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Commentary: Lee Thompson Young’s death shocks cast members, fans

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Lee Thompson Young of ‘Rizzoli & Isles' died Monday of an apparent suicide. Credit: Courtesy of Facebook

Lee Thompson Young of ‘Rizzoli & Isles’ died Monday of an apparent suicide. Credit: Courtesy of Facebook

Shocked, stricken and sad are the top words to describe my initial reaction when I saw the headlines that former Disney star Lee Thompson Young had died of an apparent suicide Monday. According to multiple reports, the 29-year-old was found dead in his North Hollywood apartment from a self-inflicted gunshot wound after he failed to show up for work on the TNT crime drama “Rizzoli & Isles,” which was renewed for a fifth season last week.

Young’s death is the second high-profile suicide in a week after “The Bachelor” star Gia Allemand, who was also 29 years old, died Aug. 14 after apparently hanging herself two days earlier.

Though it’s unclear why Young committed suicide, his was among thousands committed in the U.S. each year. According to the Centers for Disease Control and Prevention, suicide was the 10thleading cause of death in the US in 2010. It is also the second leading cause of death for ages 25-34. Firearms are the most commonly used method for suicide among males at 56 percent.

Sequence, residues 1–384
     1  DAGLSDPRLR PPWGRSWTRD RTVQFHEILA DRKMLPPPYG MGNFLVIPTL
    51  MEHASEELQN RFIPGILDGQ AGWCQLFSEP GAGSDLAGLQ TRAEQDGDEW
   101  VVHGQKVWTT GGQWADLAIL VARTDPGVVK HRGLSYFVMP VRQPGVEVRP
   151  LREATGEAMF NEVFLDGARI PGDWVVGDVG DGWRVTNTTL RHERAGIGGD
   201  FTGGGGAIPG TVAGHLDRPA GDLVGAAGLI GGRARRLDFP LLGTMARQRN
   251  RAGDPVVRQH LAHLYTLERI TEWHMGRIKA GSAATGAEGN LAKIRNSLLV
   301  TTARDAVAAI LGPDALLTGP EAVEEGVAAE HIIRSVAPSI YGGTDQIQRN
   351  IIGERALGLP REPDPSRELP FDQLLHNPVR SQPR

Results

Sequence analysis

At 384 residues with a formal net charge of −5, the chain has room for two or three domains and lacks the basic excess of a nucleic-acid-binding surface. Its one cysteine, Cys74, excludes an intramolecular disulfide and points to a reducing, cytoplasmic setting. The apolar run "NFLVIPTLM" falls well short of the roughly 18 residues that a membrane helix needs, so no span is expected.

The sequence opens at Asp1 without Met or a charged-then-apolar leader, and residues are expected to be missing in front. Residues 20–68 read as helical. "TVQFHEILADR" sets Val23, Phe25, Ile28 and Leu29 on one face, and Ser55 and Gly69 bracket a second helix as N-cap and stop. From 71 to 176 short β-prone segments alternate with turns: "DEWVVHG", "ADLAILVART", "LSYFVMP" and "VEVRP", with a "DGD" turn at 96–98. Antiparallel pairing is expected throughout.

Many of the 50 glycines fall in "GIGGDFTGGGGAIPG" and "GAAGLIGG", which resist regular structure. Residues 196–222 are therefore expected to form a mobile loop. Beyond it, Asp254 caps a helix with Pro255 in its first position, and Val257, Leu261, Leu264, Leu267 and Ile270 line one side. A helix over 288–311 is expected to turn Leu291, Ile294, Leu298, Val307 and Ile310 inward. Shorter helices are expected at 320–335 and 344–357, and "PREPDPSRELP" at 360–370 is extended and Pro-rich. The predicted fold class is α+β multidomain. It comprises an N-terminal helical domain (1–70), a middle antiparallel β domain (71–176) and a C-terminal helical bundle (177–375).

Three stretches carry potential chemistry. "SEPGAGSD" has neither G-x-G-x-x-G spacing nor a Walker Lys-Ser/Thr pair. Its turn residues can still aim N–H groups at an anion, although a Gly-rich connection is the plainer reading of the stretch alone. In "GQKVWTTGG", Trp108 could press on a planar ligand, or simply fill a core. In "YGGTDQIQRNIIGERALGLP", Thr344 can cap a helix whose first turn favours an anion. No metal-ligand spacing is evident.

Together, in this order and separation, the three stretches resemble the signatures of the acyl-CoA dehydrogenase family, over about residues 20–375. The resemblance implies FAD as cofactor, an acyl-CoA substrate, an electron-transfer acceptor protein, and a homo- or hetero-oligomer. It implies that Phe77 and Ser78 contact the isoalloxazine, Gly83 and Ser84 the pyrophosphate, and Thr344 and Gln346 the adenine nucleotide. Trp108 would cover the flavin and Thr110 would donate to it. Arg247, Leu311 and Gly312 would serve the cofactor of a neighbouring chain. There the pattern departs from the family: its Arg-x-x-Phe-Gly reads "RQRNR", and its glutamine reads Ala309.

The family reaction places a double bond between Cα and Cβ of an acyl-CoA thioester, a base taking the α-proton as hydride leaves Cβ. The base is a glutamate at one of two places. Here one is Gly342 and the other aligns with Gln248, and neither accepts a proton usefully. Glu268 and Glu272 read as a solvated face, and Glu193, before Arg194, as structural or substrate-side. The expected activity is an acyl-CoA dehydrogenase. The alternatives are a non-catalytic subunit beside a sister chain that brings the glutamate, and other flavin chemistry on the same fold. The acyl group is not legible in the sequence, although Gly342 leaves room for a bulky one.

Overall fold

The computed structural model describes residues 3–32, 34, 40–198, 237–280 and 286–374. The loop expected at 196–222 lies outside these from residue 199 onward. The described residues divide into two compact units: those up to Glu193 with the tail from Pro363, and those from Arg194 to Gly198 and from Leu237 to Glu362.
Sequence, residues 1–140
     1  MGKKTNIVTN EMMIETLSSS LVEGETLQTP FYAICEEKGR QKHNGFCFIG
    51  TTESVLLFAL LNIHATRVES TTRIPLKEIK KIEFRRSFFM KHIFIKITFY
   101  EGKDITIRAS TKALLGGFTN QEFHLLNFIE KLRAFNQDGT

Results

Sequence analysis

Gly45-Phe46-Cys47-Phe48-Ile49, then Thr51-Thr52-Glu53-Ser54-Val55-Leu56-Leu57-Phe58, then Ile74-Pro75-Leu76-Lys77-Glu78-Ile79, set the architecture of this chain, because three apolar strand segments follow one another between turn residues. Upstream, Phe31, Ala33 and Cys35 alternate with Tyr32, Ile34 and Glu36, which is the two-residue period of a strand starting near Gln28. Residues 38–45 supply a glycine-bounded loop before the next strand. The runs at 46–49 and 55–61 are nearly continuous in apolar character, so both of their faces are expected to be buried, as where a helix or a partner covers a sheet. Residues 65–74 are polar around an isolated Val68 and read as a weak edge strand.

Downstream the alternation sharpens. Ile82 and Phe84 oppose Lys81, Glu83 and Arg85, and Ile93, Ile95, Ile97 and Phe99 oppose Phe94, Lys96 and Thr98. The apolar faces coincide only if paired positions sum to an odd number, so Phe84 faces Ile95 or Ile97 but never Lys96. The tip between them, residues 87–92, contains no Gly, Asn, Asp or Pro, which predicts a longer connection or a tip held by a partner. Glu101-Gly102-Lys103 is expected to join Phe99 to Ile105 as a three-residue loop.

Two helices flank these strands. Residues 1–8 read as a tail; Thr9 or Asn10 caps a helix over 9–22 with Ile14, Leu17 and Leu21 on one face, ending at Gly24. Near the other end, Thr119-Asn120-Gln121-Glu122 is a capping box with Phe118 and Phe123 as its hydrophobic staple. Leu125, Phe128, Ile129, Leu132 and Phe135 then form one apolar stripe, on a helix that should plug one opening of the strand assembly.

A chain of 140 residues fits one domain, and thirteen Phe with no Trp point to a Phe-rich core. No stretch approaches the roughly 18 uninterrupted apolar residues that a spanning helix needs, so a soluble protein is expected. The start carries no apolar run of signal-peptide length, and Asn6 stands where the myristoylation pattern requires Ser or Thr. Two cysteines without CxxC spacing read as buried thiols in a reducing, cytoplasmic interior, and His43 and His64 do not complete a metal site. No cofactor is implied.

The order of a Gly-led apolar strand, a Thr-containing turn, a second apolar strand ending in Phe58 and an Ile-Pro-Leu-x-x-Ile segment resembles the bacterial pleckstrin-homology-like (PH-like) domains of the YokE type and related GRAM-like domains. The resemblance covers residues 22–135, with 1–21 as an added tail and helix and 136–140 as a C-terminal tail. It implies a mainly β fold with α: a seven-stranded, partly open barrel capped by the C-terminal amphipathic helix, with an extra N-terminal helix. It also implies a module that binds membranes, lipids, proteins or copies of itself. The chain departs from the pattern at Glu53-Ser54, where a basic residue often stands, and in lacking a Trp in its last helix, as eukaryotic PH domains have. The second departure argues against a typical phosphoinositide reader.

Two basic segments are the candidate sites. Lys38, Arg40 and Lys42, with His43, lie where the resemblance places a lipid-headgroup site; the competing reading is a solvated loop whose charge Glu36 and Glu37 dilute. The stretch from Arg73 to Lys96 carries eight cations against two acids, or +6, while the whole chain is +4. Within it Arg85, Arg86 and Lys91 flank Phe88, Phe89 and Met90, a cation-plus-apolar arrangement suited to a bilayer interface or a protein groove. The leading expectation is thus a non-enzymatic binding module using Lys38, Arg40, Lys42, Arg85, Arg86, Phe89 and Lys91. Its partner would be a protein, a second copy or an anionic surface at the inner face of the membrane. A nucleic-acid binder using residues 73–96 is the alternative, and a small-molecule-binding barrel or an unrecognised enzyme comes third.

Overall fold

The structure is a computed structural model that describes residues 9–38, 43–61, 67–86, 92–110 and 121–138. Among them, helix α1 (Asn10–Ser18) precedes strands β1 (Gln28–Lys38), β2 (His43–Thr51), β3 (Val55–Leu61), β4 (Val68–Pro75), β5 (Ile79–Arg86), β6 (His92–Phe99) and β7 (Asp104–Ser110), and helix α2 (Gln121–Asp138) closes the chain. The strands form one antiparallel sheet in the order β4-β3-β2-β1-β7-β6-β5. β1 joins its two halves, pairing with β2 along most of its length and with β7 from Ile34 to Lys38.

Young’s modest acting career began when he starred in the lead role of the Disney Channel show “The Famous Jett Jackson,” which ran from 1998-2001. Since then, Young attended the University of Southern California’s School of Cinematic Arts with a major in film production, graduating with honors in 2005.

He also continued acting, appearing in several films such as the 2004 sports drama film “Friday Night Lights” and the 2007 horror film “The Hills have Eyes II.” Young also played in minor and recurring roles for television such as Victor Stone in the hit Superman-show“Smallville” as well as a medical intern in the hit comedy series “Scrubs.”

Things were looking good for Young’s career when he found a steady acting role in the crime drama “Rizzoli & Isles,” which debuted in 2010. He played fledgling Detective Barry Frost, the second partner of Jane Rizzoli (Angie Harmon). Though Young’s character had a gift with computers, he would amuse viewers when acting squeamish at the sight of corpses and blood. Fans like myself will miss the chemistry he had with the rest of the cast on the show, providing humor and a lightheartedness that makes his character almost irreplaceable.

In the wake of his death, production has been temporarily halted for the show as the cast members are given time to grieve.

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